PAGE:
REGULATING GENETIC ADVANTAGE.

Author:Polcz, Sarah
 
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TABLE OF CONTENTS I. INTRODUCTION 266 II. BACKGROUND 268 A. Choosing Our Genetics 268 B. Genetic Modification for Performance Enhancement in Sports 271 C. WADA's Ban on Genetic Modification for Performance Enhancement in Sports 273 III. EXPERIMENTAL STUDIES 280 A. Methodology of Study One 280 B. Results of Study One 282 1. Reactions to the Base Case Scenario 282 2. Comparison to Attitudes Towards Doping 283 C. Methodology for Study Two 283 D. Results of Study Two 285 1. Challenging the Idea That the Genetics One is Born with Should Confer Protected Privilege 285 2. Effect of Language in Attitudes to Performance Enhancement in Sports 286 3. Robustness of Our Results to Concerns of Equality of Access and to Modification Type 286 IV. DISCUSSION 286 A. Support for Gene Doping 287 B. Genetics at Birth Are Not Deserving of Competitive Protection 287 C. Choice of Language Impacts Public Perception 289 D. Inequity of Access Not a Concern 290 E. The Self-Authoring Vision of the Spirit of Sport 290 F. Limitations and Future Directions 291 V. CONCLUSION 292 APPENDIX I 295 I. INTRODUCTION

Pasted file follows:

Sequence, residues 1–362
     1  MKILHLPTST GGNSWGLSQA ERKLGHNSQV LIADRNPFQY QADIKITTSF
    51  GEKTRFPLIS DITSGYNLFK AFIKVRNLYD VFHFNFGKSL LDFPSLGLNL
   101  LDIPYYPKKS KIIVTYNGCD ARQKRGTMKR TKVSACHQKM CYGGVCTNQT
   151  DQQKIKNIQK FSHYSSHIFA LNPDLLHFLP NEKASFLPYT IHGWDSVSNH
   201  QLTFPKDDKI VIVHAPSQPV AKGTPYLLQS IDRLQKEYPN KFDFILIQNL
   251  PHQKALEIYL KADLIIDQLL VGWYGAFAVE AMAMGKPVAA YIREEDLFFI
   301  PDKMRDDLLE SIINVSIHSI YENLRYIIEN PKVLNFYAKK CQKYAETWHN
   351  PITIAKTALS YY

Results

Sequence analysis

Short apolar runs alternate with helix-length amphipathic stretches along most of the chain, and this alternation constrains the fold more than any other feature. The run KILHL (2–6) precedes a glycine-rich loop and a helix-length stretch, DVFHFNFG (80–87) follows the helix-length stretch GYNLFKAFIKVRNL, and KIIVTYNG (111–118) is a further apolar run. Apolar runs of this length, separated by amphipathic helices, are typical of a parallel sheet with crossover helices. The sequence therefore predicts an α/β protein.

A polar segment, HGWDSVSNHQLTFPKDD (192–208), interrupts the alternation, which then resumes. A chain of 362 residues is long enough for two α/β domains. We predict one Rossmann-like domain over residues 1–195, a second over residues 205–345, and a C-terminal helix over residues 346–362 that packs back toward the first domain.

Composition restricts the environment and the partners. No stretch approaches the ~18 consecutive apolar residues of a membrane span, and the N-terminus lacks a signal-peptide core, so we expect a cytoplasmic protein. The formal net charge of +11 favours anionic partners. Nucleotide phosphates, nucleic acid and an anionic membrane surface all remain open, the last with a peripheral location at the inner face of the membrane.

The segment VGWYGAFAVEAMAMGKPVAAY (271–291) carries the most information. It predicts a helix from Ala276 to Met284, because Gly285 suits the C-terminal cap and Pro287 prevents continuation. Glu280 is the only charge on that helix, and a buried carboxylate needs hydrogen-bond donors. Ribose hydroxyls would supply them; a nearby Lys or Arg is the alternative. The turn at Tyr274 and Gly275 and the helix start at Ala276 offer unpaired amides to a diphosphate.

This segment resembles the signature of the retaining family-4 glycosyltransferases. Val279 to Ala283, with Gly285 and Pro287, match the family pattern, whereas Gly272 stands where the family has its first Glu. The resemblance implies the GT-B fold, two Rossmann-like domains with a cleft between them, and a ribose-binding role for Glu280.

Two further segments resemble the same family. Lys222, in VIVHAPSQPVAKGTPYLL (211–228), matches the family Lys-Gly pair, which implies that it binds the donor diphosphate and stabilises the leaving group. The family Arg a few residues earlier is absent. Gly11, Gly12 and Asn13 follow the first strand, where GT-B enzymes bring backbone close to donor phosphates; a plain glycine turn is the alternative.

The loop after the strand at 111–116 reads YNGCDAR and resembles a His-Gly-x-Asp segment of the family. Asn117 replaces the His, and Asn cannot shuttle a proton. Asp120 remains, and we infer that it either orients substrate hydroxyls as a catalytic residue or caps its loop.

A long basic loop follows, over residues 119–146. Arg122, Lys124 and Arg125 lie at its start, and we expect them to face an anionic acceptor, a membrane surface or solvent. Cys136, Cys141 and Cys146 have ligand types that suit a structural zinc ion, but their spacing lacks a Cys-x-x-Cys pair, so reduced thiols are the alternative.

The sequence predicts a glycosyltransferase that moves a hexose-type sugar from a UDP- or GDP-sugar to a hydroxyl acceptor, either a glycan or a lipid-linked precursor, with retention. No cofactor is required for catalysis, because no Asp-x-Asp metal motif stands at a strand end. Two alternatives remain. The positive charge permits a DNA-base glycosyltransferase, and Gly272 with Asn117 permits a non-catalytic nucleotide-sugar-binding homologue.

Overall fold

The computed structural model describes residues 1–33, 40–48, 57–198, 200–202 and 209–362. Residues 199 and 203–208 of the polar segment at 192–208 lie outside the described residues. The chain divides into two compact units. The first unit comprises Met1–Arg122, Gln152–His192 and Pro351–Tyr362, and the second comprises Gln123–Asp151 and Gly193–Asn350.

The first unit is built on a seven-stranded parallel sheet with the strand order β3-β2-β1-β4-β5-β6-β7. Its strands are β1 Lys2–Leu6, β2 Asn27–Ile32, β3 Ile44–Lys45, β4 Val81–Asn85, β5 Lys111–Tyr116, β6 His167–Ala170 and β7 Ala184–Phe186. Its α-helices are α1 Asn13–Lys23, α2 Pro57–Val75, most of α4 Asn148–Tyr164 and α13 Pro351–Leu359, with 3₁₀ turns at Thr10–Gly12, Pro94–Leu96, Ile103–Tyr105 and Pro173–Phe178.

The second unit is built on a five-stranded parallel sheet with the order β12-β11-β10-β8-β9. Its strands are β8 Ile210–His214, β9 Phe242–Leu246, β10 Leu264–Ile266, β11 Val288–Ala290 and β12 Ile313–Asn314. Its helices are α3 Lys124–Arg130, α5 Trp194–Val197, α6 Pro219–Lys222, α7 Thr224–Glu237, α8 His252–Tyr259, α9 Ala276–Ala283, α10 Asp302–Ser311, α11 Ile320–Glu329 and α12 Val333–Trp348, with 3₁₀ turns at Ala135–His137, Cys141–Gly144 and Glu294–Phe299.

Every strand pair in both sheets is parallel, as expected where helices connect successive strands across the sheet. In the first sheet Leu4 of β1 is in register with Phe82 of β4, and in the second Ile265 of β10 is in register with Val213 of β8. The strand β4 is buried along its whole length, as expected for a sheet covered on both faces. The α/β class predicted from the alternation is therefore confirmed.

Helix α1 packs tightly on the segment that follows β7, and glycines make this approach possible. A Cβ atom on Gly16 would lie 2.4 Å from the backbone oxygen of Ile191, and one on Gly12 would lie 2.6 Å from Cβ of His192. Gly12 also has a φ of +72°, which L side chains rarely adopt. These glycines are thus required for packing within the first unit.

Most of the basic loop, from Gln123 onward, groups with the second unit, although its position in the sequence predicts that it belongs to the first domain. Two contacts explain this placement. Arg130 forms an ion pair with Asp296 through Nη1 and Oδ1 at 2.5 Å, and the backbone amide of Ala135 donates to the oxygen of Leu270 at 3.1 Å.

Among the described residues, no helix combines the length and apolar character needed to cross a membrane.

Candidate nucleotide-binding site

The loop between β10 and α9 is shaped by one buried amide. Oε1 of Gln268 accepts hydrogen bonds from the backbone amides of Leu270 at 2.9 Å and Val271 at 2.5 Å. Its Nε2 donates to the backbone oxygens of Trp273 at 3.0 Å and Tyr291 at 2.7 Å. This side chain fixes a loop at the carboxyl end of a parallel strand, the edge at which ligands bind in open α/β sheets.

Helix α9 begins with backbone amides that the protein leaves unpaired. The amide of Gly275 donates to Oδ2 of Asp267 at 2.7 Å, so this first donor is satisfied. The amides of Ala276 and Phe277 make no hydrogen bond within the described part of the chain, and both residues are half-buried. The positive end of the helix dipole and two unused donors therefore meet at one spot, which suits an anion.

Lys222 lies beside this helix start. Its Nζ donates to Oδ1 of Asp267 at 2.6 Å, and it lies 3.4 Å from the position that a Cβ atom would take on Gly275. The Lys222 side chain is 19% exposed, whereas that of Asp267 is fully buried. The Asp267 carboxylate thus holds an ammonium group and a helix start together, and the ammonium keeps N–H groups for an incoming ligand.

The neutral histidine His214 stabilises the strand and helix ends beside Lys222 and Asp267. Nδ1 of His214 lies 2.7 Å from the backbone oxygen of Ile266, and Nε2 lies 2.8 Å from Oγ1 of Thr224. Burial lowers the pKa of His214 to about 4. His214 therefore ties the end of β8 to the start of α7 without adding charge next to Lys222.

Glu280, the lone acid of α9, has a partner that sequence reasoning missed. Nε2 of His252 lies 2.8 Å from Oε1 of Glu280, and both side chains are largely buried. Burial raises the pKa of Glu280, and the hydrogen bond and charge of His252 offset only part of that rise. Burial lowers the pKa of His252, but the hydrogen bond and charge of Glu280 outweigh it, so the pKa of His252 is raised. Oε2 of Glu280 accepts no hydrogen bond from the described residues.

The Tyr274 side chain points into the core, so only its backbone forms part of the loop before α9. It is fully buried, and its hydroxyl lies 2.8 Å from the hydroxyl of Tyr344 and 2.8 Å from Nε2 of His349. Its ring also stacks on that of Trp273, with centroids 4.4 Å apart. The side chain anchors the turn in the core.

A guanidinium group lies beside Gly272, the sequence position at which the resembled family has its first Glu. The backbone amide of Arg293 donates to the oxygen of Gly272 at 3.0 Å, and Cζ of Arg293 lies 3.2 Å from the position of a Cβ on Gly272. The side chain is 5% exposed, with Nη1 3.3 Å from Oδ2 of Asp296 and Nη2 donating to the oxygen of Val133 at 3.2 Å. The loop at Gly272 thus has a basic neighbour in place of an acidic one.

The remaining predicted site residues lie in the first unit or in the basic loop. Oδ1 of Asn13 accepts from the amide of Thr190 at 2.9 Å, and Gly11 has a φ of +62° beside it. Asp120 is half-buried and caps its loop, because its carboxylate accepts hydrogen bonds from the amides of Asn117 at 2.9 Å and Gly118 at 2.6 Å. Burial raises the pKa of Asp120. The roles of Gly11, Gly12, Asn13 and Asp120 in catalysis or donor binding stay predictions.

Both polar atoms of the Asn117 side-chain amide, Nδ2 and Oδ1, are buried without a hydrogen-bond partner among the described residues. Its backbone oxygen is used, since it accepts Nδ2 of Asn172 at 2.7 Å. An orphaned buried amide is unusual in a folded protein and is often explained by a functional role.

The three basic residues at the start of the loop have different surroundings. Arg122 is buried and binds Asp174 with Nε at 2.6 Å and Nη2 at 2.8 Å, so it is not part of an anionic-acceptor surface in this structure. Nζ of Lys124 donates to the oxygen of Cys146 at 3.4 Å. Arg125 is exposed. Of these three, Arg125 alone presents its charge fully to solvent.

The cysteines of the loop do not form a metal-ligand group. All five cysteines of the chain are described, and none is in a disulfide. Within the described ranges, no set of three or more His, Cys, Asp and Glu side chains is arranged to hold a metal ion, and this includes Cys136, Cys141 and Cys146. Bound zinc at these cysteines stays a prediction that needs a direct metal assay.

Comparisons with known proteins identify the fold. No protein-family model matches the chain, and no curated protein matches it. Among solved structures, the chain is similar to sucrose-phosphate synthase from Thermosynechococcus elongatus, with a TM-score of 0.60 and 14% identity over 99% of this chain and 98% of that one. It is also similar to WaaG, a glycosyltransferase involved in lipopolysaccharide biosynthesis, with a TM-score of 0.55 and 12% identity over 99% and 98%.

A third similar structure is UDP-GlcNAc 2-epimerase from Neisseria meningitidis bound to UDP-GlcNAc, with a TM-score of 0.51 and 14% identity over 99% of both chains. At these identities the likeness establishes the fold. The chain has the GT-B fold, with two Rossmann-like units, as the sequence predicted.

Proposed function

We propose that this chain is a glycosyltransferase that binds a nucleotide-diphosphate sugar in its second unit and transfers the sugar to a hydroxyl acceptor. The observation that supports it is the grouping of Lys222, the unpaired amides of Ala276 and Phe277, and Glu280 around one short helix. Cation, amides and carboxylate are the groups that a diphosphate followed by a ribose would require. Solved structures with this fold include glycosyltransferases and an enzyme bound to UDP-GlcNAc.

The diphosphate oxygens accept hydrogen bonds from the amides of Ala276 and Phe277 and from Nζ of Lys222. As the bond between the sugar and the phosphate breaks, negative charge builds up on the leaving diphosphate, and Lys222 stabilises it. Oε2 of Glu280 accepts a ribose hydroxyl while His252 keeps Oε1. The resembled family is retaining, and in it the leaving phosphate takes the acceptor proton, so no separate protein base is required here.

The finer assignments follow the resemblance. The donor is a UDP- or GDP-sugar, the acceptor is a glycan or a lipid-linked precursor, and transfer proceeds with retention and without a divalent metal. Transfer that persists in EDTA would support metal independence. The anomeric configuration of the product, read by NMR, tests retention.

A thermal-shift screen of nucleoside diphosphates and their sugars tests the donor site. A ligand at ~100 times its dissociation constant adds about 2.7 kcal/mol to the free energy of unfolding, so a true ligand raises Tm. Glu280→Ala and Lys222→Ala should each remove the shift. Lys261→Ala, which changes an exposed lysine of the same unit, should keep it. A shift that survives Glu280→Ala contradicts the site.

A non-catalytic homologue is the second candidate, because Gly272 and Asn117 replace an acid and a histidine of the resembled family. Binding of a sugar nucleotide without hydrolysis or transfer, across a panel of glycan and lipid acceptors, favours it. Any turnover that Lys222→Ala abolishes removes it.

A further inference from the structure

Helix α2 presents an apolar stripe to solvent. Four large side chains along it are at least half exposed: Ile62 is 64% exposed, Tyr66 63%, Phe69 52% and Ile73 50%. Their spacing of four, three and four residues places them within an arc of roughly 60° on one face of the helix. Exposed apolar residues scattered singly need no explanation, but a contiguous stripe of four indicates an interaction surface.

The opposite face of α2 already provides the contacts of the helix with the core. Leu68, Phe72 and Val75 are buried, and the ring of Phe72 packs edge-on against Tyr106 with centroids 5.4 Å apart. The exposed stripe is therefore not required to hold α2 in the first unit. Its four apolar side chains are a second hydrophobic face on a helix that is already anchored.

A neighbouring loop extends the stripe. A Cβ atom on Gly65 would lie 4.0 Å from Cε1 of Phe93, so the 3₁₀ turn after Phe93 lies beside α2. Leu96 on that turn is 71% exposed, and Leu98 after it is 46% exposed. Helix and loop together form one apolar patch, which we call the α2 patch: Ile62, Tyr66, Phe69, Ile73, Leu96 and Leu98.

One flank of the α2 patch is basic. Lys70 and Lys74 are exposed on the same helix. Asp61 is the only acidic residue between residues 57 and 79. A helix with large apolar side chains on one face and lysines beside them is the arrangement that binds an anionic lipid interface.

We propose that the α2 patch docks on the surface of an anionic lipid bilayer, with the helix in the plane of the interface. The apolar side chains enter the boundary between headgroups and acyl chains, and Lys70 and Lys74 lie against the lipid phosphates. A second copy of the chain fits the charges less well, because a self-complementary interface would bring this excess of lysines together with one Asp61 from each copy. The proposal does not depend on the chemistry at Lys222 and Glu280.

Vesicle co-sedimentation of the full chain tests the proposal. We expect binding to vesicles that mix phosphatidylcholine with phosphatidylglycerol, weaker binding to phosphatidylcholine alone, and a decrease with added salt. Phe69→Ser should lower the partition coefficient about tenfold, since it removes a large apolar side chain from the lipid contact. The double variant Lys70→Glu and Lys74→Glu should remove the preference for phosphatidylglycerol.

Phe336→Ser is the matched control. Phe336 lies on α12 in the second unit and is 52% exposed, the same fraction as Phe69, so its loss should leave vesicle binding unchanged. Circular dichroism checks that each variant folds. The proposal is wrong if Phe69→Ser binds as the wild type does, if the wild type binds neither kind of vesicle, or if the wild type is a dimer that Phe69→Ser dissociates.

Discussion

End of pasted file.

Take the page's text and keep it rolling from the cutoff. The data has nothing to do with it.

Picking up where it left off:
Some things in life we have no control over; they are the result of luck. The genetic lottery has traditionally been the quintessential example of a realm where luck reigns. But our awareness of the inner workings of biological fortune and misfortune is accelerating. Scientists are uncovering new links between genes and attributes, illuminating how our genetics shape our lives. (1) But what if it were possible to change our genetics even in adulthood? Long a staple of science fiction plots, this alteration has recently become possible through a new wave of gene-editing techniques, particularly CRISPR. (2) Applications of the technology are developing rapidly. (3) The genetic modification of adults, particularly for reasons other than medical treatment, poses novel questions for contemporary society. (4) These questions stand apart from concerns about designer babies, even though the latter are attention-grabbing. (5) These adult enhancement applications have disruptive potential in both public and private domains such as: education, the job market, the marriage market, combat, disability rights, criminal justice, and the sports and entertainment industry.